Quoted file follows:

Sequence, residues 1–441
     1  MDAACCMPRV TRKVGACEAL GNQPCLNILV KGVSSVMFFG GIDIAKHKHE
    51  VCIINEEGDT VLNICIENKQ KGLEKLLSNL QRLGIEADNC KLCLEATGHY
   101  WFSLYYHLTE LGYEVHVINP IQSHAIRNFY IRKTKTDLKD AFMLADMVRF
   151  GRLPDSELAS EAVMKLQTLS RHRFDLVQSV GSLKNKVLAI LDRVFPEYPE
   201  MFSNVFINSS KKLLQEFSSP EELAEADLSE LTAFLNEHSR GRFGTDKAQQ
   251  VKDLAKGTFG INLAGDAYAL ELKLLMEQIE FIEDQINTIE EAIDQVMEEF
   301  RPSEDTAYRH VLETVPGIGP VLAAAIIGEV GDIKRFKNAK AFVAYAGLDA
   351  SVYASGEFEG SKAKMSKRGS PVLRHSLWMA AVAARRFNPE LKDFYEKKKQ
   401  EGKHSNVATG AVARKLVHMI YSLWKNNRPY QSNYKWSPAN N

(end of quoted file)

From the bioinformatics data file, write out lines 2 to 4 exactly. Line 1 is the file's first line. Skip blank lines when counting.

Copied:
     1  MDAACCMPRV TRKVGACEAL GNQPCLNILV KGVSSVMFFG GIDIAKHKHE
    51  VCIINEEGDT VLNICIENKQ KGLEKLLSNL QRLGIEADNC KLCLEATGHY
   101  WFSLYYHLTE LGYEVHVINP IQSHAIRNFY IRKTKTDLKD AFMLADMVRF